A 14-year-old boy drowned on Monday night in a canal in Valenciennes. Despite not being able to swim, he jumped into the water after a dispute with a group of boys over video games.

 

"/> A 14-year-old boy drowned on Monday night in a canal in Valenciennes. Despite not being able to swim, he jumped into the water after a dispute with a group of boys over video games.

 

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Teenager drowns over video games

A 14-year-old boy drowned on Monday night in a canal in Valenciennes. Despite not being able to swim, he jumped into the water after a dispute with a group of boys over video games.

 

The teenager, named William, was found dead by rescue personnel at 12:30 on Tuesday morning in the Upper Escaut canal, close to the Belgian border.

 

According to a preliminary investigation, the boy had lent two video games to a group of four other boys, who then threatened to throw them into the canal if he did not jump in first.

 

“He would have done anything to make friends,” William’s mother, Françoise Bachelet, 37, told the L’observateur du Valenciennois newspaper, adding that her son did not know how to swim.

 

The other adolescents watched him jump into the water, sink, resurface briefly and then disappear, she said.

 

The boys called emergency services, which quickly arrived on the scene. Around 30 personnel were on hand for the search-and-rescue operation, which included divers and canine teams. William’s body was found about four hours later.

 

Three of the four young people were taken into custody and an investigation to determine the exact circumstances of the incident is ongoing.

 

A fourth boy, ten years old, was returned to his parents.

 

 

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PARIS

Paris police warn tourists about ‘petition’ scam

Paris police have issued a warning to tourists to beware of scams targeting visitors that involve false petitions and donation drives.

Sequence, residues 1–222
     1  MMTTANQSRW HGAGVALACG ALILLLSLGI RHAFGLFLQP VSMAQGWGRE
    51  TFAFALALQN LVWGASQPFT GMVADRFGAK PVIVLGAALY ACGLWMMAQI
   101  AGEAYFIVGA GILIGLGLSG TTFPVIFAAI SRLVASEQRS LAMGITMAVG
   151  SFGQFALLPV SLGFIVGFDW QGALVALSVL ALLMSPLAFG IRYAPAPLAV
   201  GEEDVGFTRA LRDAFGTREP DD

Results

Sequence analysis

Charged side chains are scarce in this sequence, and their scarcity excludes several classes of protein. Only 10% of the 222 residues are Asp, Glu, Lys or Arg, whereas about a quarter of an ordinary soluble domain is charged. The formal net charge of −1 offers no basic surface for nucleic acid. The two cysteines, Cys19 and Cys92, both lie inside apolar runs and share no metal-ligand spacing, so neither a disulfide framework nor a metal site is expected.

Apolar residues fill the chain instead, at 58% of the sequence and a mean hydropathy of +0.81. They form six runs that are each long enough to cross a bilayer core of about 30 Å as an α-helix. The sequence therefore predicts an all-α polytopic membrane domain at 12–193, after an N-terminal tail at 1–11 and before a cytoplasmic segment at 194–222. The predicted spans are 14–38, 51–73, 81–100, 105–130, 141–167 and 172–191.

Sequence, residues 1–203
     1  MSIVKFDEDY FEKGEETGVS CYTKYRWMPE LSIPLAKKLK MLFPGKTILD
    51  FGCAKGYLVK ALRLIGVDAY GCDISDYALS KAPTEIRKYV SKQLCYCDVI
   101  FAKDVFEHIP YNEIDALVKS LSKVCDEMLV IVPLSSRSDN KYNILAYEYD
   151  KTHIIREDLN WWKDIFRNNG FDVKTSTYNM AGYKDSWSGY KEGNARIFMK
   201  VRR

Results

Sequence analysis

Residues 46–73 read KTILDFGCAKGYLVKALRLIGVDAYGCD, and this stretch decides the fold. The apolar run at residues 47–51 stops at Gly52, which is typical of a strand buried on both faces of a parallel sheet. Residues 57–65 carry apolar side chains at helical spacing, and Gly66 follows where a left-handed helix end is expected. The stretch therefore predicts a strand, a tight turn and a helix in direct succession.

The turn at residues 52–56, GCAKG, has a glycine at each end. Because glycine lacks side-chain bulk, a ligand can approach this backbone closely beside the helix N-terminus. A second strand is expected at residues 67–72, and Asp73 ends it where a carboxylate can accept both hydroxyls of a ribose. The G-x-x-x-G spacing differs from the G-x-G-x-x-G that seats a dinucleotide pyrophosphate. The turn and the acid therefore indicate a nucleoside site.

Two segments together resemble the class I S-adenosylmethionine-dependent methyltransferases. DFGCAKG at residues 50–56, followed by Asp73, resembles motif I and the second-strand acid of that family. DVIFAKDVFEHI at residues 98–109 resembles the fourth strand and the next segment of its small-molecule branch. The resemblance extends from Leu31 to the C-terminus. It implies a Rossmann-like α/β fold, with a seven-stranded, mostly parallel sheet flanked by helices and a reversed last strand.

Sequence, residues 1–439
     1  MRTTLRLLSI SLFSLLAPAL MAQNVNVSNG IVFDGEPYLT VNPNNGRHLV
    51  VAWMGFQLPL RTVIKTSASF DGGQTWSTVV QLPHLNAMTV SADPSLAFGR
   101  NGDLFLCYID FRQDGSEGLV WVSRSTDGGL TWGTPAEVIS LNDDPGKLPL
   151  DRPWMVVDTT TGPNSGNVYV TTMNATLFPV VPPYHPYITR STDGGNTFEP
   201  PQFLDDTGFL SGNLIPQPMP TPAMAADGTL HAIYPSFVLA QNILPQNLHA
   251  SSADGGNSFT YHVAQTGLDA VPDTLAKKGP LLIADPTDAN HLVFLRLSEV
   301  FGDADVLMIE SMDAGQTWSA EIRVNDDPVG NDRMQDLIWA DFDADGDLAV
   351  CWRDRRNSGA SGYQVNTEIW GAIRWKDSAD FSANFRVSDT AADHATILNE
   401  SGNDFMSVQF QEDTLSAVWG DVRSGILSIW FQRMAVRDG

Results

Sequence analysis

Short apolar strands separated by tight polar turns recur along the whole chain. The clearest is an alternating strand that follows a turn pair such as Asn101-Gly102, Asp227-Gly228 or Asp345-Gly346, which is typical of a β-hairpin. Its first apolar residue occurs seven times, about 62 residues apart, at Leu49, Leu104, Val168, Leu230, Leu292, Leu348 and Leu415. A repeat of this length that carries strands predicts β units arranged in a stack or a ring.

Paris police warn tourists about 'petition' scam

The police préfecture in Paris has released an announcement warning tourists about a scam that might be used to target them especially. 

The scam involves young boys and girls asking people to sign their petitions and requesting that they give a donation. In reality, many people – especially tourists or those unfamiliar with the local area – find themselves giving their money away to a false organisation.

In other cases, the petition acts as a distraction while pickpockets target the visitors.

Frequently, these scams involve the young people feigning deafness or the inability to speak, and pretending to collect funds on behalf of NGO for the hard of hearing. 

The scam is just one of a number that criminals use to prey on tourists, and visitors return to Paris after a two-year break, police are warning people to be vigilant – especially in tourist hotspots such as Montmartre and the Eiffel Tower area or in transport interchanges such as Gare du Nord.

READ MORE: Warning: 6 of the most common scams in France to watch out for

For more advice on how to stay safe in Paris as a tourist, you can read the police “Guide for Staying Safe in Paris

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